2.2.1. Non-Learning-Based Approach

Some studies propose a simple closed-loop system (non-learning-based approach) in traffic signal control. Reference [38] presented a decentralised feedback control mechanism aiming to equalise the degree of saturation and queue length on different approaches toward intersections in a network. Reference [39] showed a localised feedback speed control for mainline traffic on motorways. The backpressure controller is a distributed feedback system that does not require knowledge of global network inflow. Reference [40] introduced the traffic-responsive urban control (TUC) strategy as a network-wide feedback approach. Based on store-and-forward modelling of the urban network traffic and using the linear-quadratic regulator theory, the design of TUC leads to a multivariable regulator for traffic-responsive coordinated network-wide signal control that is also particularly suitable for saturated traffic conditions. Reference [6] proposed an upgrade closed-loop feedback signal control strategy, which takes the total amount of instantaneous stopped delay (ISD Total) as input detector data for measurement frame-by-frame in traffic flow video and realised real-time switches of the signal status when the amount reaches the threshold, and adaptively distributes the green interval to the most needed approaches (east–west and north–south) without the regular traffic signal cycle time. In other words, they still used a non-learning-based method but with new forms of data.

2.2.2. Learning-Based Approach (Reinforcement Learning)

Reinforcement learning-based adaptive traffic signal control changes traffic signals based on the feedback from the traffic demand, which can be hypothetical dynamic [41,42,43,44] or based on real-world data [45,46]. The existing literature on using the reinforcement learning approach can be categorised into two groups: networks consisting of CVs [44,47,48] and non-CVs environments [45,46,49]. Moreover, two general classifications (i.e., vehicle positions and queue length) are available for state representation. References [41,43,49,50] proposed the state as discrete values such as the position of vehicles or different levels of queue length. Nevertheless, this kind of state needs massive storage space for solving large problems. Therefore, recent studies recommend the use of continuous states such as queue length [42,45,51], average delay [44], and waiting time [30,42,48]. Furthermore, all of the papers relevant to this topic have used simulation platforms in order to obtain their desired results. SUMO [43,44,49,50], VISSIM [46,47], AIMSUN [45], and PARAMICS [30] are the most common software packages in which the combination of traffic simulation and RL can be executed appropriately. Finally, it is worth mentioning that all the previous papers took the signal controller as an agent for their RL algorithm except [47], which used connected vehicles as its agents.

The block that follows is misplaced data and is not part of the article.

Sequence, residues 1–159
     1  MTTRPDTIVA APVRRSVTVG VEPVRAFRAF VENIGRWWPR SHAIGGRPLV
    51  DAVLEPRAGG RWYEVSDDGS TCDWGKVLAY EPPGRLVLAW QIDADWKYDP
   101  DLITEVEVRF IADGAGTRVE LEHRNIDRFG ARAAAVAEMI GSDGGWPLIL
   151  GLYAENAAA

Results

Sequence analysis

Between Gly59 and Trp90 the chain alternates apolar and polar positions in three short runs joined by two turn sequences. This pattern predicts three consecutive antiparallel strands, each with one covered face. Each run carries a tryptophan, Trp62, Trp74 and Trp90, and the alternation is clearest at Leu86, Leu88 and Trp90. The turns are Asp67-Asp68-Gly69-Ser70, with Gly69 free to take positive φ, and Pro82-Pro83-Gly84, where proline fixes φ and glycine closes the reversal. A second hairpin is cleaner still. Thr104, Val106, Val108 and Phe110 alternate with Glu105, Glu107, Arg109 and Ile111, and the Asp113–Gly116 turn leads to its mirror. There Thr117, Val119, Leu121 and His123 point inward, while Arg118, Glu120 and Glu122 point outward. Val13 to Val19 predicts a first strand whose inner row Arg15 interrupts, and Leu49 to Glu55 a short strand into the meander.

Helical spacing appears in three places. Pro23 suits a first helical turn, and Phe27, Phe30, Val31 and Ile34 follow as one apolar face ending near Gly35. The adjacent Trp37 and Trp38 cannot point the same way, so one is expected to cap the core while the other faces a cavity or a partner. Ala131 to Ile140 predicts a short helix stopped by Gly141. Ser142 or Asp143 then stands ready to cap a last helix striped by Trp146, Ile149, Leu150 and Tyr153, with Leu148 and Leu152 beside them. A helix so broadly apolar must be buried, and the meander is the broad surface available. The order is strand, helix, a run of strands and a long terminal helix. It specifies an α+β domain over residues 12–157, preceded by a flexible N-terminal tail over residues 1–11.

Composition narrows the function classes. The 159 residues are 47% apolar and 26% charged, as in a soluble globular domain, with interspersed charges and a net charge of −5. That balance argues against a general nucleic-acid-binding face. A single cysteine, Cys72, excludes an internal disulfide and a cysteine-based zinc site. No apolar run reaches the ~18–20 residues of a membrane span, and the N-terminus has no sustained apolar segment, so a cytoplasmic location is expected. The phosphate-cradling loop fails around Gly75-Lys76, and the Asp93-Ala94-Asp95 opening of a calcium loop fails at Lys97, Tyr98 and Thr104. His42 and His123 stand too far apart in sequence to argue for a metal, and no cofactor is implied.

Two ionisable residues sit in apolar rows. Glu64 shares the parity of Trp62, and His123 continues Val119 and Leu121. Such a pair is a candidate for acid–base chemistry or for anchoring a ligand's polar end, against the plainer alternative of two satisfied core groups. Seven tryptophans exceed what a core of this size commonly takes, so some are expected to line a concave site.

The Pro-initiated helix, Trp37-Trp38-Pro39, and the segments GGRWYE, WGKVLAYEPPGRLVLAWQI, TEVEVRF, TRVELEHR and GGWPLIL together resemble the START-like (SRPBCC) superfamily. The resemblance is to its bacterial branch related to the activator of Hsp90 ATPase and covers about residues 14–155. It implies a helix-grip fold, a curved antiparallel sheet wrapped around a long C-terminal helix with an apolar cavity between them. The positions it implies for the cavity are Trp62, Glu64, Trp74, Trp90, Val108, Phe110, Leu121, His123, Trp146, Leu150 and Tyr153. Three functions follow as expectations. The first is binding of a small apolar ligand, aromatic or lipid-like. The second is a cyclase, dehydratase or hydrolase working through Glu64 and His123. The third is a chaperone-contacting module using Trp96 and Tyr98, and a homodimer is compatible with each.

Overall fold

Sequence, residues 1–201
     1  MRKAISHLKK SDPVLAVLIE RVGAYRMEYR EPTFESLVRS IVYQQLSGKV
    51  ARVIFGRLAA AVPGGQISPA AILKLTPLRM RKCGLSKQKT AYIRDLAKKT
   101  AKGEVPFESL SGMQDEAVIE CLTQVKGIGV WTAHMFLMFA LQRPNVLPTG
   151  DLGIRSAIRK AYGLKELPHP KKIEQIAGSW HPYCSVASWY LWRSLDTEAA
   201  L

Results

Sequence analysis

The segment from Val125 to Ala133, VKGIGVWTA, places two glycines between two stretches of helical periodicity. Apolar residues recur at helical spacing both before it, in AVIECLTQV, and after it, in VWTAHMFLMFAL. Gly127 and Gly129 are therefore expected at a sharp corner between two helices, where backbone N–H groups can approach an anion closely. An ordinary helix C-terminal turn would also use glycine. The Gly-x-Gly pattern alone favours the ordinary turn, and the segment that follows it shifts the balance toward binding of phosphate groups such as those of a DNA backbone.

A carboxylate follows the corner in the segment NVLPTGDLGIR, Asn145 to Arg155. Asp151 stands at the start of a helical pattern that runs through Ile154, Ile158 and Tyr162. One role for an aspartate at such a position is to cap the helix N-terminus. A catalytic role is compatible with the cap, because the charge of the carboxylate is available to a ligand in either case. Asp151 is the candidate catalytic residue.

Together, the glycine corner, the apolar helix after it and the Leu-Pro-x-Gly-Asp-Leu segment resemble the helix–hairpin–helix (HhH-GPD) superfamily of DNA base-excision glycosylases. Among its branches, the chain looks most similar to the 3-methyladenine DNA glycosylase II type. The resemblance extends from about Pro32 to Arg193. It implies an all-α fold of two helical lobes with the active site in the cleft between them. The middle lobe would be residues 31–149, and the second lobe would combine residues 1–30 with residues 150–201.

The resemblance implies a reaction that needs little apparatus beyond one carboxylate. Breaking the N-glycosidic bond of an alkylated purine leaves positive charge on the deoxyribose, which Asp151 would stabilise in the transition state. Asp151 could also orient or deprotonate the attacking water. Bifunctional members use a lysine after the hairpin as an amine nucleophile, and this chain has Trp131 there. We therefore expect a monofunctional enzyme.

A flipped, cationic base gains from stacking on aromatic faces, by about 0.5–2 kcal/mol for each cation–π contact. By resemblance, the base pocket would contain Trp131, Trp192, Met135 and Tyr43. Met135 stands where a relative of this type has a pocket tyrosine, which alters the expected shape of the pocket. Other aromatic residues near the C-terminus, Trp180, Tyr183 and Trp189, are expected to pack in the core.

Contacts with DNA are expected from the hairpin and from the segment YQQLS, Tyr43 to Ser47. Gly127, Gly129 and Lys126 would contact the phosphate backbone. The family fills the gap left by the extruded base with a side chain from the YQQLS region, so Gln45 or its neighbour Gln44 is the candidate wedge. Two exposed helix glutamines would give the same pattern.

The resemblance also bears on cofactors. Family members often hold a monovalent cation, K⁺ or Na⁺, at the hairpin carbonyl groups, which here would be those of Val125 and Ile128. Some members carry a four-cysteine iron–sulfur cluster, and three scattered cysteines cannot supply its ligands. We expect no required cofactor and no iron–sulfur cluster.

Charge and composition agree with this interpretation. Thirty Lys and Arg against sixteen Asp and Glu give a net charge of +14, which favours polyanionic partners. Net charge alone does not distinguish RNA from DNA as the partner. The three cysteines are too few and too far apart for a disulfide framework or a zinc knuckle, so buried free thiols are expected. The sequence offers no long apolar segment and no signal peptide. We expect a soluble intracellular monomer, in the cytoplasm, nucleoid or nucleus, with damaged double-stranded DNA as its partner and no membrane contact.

This research aims to bridge the gap between the RL-based adaptive traffic signal control and the advanced traffic control (speed guidance model) under CAVs. The RL based approach focuses on the intersection as an agent in order to optimise total queue length while allowing the CAVs to adjust their speed based on a fixed timing plan to minimise the total stop delays as an agent adapts the traffic signal control to an adjusted speed of CAVs in real-time (updated traffic flow).

3. Methods

This section discusses the proposed framework for RL, PTV VISSIM microsimulation platform and implementation details. The RL framework is implemented in Python and integrated into VISSIM through the component object model (COM) interface (COM interface of PTV VISSIM).

3.1. Reinforcement Learning (RL)

RL is an area of adaptive control that encompasses algorithms for learning optimal behaviour policies in sequential decision-making problems from scalar rewards. It is assumed that a decision-making problem is time-discrete, and it can be represented with a Markov decision process (MDP) (S, A, Pa, Ra), where S is the state space, A is the space of possible actions, Pa(st, st+1) = P(st+1|st, at) is the probability of transitioning into state st+1 by taking action at in-state st, and Ra(st, st+1) is the immediate reward received after transitioning st into st+1 by taking action at. The agent is specified by a policy π(a|s) mapping each state to a probability distribution over actions. An optimal policy maximises discounted return Gt=0, which is defined as the sum of discounted future rewards (see (1)). The state-value function Vπ(s) is the expected return of a state s, assuming the agent follows policy π in all time steps (see (2)).
Gt = Rt+1 + γRt+2 + γ2Rt+3 + ... = Rt+1 + γGt+1
Vπ(s) = 𝔼a~π [Pa(s, s) Ra(s, s) + γVπ(s)]
Model-based RL algorithms assume Pa and Ra to be known, while model-free RL algorithms learn about them implicitly from the interaction between agents and the MDP. This paper uses the advantage actor-critic algorithm (A2C), a model-free RL algorithm suitable for stochastic environments with partially observed states. The policy π(a|s; θ) and state-value function V(s; θv) are approximated by neural networks with parameters θ and θv, respectively. Initialised at random, the policy is optimised through iterative policy evaluation (gathering experience by interacting with the environment using the current policy) and policy improvement (reinforcing actions that led to greater than expected rewards and discouraging others) by gradient descent using (3) and (4).
dθ = ∇log π(a|s; θ) (GtV(st; θv))
dθv = ∂/(∂θv) (GtV(st; θv))2